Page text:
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Race, Sex, and Love

March-April 2003

Tiger Woods, possibly the world's best-known athlete, resists being called a "black" golfer. He coined the term "Cablinasian" (Caucasian, black, Indian, Asian) to identify his race, and used it on the Oprah Winfrey television show after winning the 1997 Masters tournament. Although Woods's ancestry may be unusually diverse, his heritage is far less exceptional than his golfing skill, as professor of law Randall Kennedy makes clear in his new book, Interracial Intimacies (Pantheon). Five years in the making, the volume examines the history, lore, and especially the legalities, primarily in the United States, surrounding sexual, marital, and familial relationships among people of different races.

Racially mixed relationships are becoming more common. In the United States there are 1.5 million cross-racial marriages, a figure that has doubled about every decade. Forty percent of Asian Americans have married whites in recent years, as have 6 percent of blacks. "The general situation for people involved in interracial intimacies has never been better," Kennedy writes. Most legal obstacles to pairing across races have been struck down, and Kennedy believes that even "public opinion now permits interracial intimacies to be pursued and enjoyed with unparalleled levels of freedom, security, and support."

The rarest and most charged form of racial intermingling—at least in this country—is the black-white relationship. Although historically 42 states passed antimiscegenation laws, the Supreme Court made such statutes unenforceable in 1967. Nonetheless, "There is still litigation over the place of race in family formation," Kennedy says. What happens, for example, when a white single mother marries a black man, and her ex-husband, the father of her child, objects—in court? In just such a case in Florida, in 1982, a judge took custody of the child away from the mother and awarded it to the ex-husband. Even though the U.S. Supreme Court eventually overturned the ruling, the mother did not regain custody of her daughter, because by that time the father had moved to Texas and obtained a restraining order that prevented her from taking custody. The same Florida judge who had been overruled allowed the transfer of jurisdiction to Texas.

Kennedy's research abounds with such cases, which provoke deep reflection on the intersections of race, sex, marriage, and family life. Consider the practice of racially matching adoptive parents with the children they adopt. "Originally, the main impulse behind race matching in adoption was a white-supremacist, segregationist impulse," Kennedy says. Yet, few states banned cross-racial adoption, "because it was thought to be beyond discussion—it was so obviously wrong that there was no need for a law."

Since the 1970s, however, interracial adoption has grown—along with fierce controversy about the practice. The National Association of Black Social Workers, composed largely of child-welfare officials, has opposed interracial adoption for more than three decades, asserting that black children "belong" with black parents. "Some say that children in cross-racial adoptions don't have a good sense of their racial identity," Kennedy says. "Tell me: what, exactly, is a 'good sense' of racial identity? That race means a lot to them? That they have a preference for people of their own color? What of those who say, 'My racial identity is human?'"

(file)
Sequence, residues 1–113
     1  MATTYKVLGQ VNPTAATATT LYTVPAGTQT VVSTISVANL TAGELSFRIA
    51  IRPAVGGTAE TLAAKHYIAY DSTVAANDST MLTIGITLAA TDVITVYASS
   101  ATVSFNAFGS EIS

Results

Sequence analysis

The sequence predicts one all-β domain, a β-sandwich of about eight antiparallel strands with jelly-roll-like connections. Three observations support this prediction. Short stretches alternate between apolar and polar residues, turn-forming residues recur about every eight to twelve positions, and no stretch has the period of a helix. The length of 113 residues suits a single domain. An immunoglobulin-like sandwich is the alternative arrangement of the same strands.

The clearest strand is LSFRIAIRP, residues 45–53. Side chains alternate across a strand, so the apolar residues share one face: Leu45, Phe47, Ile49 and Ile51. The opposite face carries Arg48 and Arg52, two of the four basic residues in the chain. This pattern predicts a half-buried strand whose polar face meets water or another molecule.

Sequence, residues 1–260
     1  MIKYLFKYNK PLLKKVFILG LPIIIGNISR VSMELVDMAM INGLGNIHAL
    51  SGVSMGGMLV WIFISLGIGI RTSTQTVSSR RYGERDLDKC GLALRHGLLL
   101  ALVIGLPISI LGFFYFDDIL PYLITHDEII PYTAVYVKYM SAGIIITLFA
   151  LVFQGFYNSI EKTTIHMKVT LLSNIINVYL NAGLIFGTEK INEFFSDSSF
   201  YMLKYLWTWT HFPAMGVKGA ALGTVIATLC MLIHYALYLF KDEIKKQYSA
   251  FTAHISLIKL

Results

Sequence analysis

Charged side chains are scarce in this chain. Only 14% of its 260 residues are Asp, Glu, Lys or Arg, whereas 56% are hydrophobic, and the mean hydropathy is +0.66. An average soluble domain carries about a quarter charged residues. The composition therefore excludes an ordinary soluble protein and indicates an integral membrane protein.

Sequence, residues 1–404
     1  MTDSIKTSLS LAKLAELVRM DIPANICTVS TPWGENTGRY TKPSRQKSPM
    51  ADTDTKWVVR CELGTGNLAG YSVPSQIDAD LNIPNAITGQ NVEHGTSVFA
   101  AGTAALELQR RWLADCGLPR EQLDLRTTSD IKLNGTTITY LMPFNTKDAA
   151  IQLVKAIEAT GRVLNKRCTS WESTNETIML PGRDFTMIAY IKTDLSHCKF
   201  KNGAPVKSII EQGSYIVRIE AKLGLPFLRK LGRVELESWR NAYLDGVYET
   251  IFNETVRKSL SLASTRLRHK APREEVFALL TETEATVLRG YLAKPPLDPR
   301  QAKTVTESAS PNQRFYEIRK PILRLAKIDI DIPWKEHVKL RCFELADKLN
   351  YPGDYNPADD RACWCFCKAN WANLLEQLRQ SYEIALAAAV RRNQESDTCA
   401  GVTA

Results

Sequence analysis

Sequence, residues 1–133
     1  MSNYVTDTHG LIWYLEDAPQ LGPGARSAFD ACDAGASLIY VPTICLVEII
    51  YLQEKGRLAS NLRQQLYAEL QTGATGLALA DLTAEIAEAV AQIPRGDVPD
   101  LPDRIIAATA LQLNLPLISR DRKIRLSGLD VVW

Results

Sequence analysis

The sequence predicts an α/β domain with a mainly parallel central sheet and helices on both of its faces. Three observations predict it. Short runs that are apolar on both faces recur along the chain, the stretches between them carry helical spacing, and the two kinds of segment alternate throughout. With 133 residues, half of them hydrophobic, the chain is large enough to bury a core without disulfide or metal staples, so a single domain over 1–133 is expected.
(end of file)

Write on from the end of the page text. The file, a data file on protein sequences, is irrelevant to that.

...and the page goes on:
Parentless children, Kennedy argues, "ought to be placed in the hands of adults who want to raise them—as quickly as possible, without regard to race." He challenges "ideologues who suggest that racially homogeneous families are preferable to racially diverse families. What's wrong with the rainbow family? Why not see it as an opportunity? 'I look different from you'—that's a chance to talk about all sorts of things. What about white families whose children have eyes of a different color from their parents? We don't attach a lot of significance to eye color, the way we do with skin."

Yet Kennedy is neutral on the question of amalgamation—the view, advanced by many, including historian Will Durant and Harvard's Beneficial professor of law, Charles Fried, that biological intermingling will eventually dissolve the race problem. "I'm not a biological determinist," Kennedy declares. "If, in 50 years time, most whites still marry other whites and most blacks still marry other blacks, can we still have a racially decent society? Sure!"

The topic of interracial intimacies also evokes Kennedy's broader philosophy of individual freedom. Ultimately, like Tiger Woods, he favors racial self-identification: "People should be able to determine for themselves what their race is." He backs racial mobility as well, and his book includes a chapter on "passing." Regarding intimate relationships, "I want individuals to be able to express themselves and do what they want," he says. "I'm attacking customs of racial separateness enforced by the government and those imposed by groups—white, black, or anybody else. Affection should be able to display itself free of wrongful impediments, including racial ones. My most basic position is, I'm for love—put me in the love camp."

~ Craig Lambert

Randall Kennedy e-mail address: [email protected]